Lights Out, the 18-months-later sequel to Graveyard’s stellar Hisingen Blues sophomore outing, finds Sweden’s hottest vintage rock export in soulful form, slowing down their jangly analog grooves and playing up the emotionality in the croon of guitarist Joakim Nilsson. They can still wail, as opener “An Industry Of Murder” or the well-picked single “Goliath” show, but they also woo, with the melancholic desperation of “Hard Times Lovin’” or the string-infused crescendo of “Slow Motion Countdown,” on which the sense of ending is strong even as the song begins.

Nilsson’s vocals are a focal point here, but the band behind him remains wonderfully dexterous, with fellow guitarist Jonatan Ramm, bassist Rikard Eklund and drummer Axel Sjöberg helping to shape the songs without being over the top or flashy on a technical level or sacrificing the natural feel Graveyard’s early-‘70s fetish requires. Hooks abound and remain memorable throughout “The Suits, The Law And The Uniforms” (taking the squares down a peg) and the more riotous “Seven Seven,” and though they may have grown out of the swamp gospel bombast that permeated so much of Hisingen Blues, what Graveyard have evolved into remains dangerous and more than capable of gnashing its collective teeth when need be.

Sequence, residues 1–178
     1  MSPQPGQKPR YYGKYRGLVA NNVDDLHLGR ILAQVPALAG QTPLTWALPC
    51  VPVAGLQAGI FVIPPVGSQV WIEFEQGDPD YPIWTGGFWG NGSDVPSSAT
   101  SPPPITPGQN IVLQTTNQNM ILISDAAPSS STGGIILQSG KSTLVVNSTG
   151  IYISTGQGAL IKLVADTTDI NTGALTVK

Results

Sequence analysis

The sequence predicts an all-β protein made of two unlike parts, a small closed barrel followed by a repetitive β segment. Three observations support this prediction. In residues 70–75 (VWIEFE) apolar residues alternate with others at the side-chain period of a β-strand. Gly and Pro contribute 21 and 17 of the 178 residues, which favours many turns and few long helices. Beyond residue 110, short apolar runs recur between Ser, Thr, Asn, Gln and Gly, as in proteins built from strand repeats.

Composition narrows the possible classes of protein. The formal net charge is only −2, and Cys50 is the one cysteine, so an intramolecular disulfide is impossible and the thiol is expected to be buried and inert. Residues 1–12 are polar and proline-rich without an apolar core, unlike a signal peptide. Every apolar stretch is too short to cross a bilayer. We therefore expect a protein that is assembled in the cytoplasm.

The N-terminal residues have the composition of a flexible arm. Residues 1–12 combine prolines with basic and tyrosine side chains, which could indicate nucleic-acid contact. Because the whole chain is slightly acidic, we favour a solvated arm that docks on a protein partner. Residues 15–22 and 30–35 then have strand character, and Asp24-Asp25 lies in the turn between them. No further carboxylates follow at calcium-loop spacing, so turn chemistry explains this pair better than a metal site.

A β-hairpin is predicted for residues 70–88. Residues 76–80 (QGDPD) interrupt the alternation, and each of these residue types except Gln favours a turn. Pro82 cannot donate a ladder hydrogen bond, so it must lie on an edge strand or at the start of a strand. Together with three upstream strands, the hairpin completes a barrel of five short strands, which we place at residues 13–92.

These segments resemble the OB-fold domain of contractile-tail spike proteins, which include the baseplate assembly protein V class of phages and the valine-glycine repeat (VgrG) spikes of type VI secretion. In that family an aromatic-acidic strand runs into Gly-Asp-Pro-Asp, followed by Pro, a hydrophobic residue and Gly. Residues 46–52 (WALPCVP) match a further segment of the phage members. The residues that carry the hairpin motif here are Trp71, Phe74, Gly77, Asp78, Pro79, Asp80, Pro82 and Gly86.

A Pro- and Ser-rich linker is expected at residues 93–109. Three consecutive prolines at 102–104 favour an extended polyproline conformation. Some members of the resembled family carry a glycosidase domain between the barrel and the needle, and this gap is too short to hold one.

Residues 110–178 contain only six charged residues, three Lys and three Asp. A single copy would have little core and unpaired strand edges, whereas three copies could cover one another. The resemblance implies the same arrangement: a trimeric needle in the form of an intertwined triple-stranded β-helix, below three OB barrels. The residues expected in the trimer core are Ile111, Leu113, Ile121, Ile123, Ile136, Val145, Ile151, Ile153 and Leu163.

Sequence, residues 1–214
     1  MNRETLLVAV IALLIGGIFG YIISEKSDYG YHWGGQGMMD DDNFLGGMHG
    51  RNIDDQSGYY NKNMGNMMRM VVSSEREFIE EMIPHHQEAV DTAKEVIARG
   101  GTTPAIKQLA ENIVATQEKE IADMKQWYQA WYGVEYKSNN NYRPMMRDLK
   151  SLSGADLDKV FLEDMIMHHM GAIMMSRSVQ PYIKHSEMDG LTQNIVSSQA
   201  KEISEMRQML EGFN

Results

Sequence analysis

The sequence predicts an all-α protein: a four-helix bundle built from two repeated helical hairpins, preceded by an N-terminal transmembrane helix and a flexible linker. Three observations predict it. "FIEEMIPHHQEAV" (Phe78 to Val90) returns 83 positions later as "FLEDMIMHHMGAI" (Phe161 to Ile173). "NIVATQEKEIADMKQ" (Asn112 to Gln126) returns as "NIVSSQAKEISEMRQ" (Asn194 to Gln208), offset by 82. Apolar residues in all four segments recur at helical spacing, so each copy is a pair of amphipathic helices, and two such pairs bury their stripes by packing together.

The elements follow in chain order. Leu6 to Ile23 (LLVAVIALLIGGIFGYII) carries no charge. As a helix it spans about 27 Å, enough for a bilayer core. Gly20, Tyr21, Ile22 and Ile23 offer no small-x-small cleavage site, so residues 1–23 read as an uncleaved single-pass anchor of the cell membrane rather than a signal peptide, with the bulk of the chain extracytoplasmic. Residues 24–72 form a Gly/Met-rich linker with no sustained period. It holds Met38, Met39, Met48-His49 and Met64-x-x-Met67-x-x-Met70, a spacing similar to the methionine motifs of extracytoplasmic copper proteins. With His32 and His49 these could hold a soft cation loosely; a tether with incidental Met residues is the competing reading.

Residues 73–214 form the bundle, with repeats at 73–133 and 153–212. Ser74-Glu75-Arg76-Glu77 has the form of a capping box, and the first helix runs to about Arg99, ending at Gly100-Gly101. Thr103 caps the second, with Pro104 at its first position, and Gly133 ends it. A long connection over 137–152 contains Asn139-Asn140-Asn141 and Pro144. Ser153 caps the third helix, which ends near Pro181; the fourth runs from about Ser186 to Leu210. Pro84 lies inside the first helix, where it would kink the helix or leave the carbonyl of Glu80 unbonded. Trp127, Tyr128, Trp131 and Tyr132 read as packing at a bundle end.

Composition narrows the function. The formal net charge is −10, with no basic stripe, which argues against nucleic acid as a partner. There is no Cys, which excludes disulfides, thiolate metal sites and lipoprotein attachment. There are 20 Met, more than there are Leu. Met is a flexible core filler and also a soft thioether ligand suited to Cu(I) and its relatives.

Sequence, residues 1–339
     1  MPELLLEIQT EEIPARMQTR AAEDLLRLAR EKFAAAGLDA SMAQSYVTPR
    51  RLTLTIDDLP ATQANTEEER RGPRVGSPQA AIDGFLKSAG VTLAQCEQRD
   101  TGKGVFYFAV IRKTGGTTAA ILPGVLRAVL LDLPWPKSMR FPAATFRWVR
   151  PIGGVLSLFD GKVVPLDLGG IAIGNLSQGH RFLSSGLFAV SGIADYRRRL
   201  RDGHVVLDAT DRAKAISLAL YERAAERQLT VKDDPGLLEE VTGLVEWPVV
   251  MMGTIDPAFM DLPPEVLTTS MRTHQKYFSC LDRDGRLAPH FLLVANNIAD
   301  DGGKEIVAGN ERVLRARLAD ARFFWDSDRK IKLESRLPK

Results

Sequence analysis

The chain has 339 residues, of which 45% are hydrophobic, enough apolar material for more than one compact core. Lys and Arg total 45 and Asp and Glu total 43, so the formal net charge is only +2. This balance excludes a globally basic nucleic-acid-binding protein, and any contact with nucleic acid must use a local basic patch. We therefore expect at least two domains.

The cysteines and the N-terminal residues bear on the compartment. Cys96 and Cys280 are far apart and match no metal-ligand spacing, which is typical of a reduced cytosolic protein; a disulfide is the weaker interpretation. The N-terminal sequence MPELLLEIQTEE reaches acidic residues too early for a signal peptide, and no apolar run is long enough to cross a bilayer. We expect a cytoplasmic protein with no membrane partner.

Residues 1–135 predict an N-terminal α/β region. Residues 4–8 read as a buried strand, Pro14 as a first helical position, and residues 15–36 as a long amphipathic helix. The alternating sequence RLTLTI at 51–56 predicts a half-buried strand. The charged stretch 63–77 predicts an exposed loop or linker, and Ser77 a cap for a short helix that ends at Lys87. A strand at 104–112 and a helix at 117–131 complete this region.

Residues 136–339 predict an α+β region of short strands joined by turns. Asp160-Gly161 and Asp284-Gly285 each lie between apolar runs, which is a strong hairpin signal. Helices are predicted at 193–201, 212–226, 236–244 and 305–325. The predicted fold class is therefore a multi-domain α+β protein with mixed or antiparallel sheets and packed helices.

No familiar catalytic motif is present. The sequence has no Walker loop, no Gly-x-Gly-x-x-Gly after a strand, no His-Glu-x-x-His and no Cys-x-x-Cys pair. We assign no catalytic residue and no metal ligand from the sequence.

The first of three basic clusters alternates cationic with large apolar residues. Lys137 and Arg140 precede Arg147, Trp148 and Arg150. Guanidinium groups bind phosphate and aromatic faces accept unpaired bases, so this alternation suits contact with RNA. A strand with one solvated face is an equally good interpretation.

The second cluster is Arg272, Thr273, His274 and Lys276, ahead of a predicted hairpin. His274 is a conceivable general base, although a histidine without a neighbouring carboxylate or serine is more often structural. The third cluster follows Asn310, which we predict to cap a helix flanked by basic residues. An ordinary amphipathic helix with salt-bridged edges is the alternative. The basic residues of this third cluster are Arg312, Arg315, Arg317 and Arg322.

It’s the context that’s different. See the political side of the lyrics to “Goliath” or “An Industry Of Murder” for examples. Graveyard are coming closer to drawing a direct line with their music, the angle moving into parallel, and Lights Out is an important step in the process that, ideally, will result in their attaining full maturity of style without sacrificing the raw edge that pulses under the surface of “Fool In The End.” Their third is in many ways their finest yet, easily one of the best albums I’ve heard in 2012, and the greatest threat it makes is that Graveyard are nowhere near done. Right on.

In A Word: Must

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